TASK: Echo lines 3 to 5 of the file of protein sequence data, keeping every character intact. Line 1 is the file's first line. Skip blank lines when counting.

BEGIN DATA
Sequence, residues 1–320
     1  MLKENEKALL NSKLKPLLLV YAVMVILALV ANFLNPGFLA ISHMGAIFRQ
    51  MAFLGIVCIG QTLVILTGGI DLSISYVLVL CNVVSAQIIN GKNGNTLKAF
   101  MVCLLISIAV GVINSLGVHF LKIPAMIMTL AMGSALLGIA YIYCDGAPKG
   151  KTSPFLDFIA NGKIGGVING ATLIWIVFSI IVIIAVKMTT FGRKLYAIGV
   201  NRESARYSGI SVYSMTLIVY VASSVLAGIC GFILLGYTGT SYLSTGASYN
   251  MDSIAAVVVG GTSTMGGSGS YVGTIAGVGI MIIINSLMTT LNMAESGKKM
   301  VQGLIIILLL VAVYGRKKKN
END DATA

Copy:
    51  MAFLGIVCIG QTLVILTGGI DLSISYVLVL CNVVSAQIIN GKNGNTLKAF
   101  MVCLLISIAV GVINSLGVHF LKIPAMIMTL AMGSALLGIA YIYCDGAPKG
   151  KTSPFLDFIA NGKIGGVING ATLIWIVFSI IVIIAVKMTT FGRKLYAIGV